Kremlin’s Chess in Kyrgyzstan

BY: Danieal Ranjbar

Kremlin’s Chess in Kyrgyzstan

PEJOURNAL – Protests in Kyrgyzstan began on October 5, 2020, in response to rigged parliamentary elections. Thousands of protesters have taken to the streets since then. Kyrgyz President Sorenbay Zhinbekov said that some political forces had tried to seize power illegally overnight and called on political party leaders to calm down their supporters.

“I urge my compatriots to remain calm and not give in to enemy provocations,” he said of the widespread protests in Bishkek, the capital of Kyrgyzstan. Jinbekov added that he had instructed security forces not to shoot at protesters. The statement came after Jinbekov’s spokeswoman, Tolguna Stamaliyeva, said the president had said that the results of the October 4 parliamentary elections could be annulled.

“Currently, the situation is under control and he expressed confidence that all political forces will put the interests of the country above their own interests and will not allow a rift in society and any factor that worries the citizens of the country,” he added.

Protesters release former senior Kyrgyz officials following protests in Bishkek in an area of ​​the White House where the Kyrgyz parliament and presidential government are located. Protesters try to enter government headquarters during a rally against the October 5, 2020 parliamentary elections in Bishkek, Kyrgyzstan. They also released former President Almazbek Atambayev and former Prime Minister Jantoro Satybaldiyev, as well as former President Farid Niyaz. Atambayev had previously been sentenced to 11 years in prison on corruption charges.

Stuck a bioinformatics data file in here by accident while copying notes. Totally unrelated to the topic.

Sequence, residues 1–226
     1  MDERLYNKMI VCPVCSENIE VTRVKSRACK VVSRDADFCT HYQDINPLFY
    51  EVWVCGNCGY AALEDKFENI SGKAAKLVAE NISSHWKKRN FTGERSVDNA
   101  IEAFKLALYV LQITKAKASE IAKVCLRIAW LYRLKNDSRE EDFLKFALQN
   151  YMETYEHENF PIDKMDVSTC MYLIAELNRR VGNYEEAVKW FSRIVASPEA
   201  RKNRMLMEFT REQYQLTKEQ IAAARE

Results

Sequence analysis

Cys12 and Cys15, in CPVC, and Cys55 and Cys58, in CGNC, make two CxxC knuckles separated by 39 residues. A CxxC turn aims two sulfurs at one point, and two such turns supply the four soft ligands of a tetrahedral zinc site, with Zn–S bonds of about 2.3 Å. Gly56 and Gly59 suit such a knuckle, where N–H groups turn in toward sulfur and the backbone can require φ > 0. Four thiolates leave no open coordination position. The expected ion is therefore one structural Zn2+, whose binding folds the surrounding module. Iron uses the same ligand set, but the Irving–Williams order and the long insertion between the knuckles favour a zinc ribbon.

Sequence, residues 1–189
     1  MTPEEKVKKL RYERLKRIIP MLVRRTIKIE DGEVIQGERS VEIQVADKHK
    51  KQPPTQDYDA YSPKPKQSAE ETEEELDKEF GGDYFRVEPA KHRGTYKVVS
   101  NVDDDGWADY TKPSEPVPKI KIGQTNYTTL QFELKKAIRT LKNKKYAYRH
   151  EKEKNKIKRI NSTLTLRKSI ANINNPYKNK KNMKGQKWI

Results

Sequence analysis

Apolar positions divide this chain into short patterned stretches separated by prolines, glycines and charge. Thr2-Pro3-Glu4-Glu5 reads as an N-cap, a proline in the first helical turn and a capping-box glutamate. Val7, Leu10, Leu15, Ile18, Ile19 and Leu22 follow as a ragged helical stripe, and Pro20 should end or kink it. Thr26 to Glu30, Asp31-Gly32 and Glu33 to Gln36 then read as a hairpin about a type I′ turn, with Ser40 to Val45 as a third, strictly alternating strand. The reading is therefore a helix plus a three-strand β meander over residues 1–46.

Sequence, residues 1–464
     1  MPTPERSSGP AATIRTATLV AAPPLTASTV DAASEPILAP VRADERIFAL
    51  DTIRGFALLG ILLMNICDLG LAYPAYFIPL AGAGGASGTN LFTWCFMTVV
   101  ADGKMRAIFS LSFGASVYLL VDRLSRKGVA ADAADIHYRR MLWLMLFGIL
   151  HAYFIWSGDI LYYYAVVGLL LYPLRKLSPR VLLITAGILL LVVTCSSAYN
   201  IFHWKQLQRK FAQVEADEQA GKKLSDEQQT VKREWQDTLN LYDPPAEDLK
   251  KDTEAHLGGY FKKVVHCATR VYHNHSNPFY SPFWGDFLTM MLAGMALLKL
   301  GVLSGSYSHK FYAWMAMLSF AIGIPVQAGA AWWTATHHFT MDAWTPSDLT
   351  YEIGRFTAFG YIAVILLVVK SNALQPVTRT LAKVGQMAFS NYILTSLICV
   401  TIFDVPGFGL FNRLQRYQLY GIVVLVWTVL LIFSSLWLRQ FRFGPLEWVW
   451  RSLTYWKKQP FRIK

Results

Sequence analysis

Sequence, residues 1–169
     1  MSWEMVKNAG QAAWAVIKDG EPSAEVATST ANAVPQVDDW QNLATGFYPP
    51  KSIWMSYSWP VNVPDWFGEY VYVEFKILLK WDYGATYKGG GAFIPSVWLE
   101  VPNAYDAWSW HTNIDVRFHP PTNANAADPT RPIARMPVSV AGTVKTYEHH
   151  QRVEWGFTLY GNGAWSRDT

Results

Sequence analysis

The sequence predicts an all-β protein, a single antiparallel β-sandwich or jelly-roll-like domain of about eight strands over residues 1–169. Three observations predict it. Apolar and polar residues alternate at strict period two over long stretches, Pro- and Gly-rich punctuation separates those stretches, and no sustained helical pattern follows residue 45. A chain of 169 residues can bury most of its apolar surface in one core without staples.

Kremlin’s Chess in Kyrgyzstan

How the Protests Began?

Widespread protests erupted after Kyrgyzstan’s vote in Sunday’s general election, with preliminary results showing that only four parties, including two pro-government parties – Kyrgyzstan’s Birimdik and Makimim – and two centrist parties – Kyrgyzstan and Buton – won seats in parliament. Kyrgyzstan has received enough votes.

As many as 2,000 supporters of those parties failed to win 7% of the vote to win seats in parliament. Demonstrators gathered in Alato Square in Bishkek on Monday morning , Day after Election, to demand a review of the election results. They accused the government of rigging the election results and buying votes.

Protesters seize the president’s residence, and widespread protests continue in Bishkek over the October 4 parliamentary election results. Protesters seized the president’s residence and the National Security Committee building.

It is said that police used rubber bullets, tear gas and sound grenades to disperse protesters who threw stones at the officers, and the use Protesters burned a patrol car and an ambulance damaged six. At least one person was killed and 590 others, including about 40 police officers, were injured in the clashes.


Meanwhile, the Shanghai Cooperation Organization (SCO) has described Sunday’s election as free and legal, as does the Organization for Security and Co-operation in Europe (OSCE), which praises the work of the Central Election Commission of Kyrgyzstan (CEC). The Central Election Commission of Kyrgyzstan, for its part, has pledged to investigate complaints of alleged irregularities at 31 polling stations during the voting.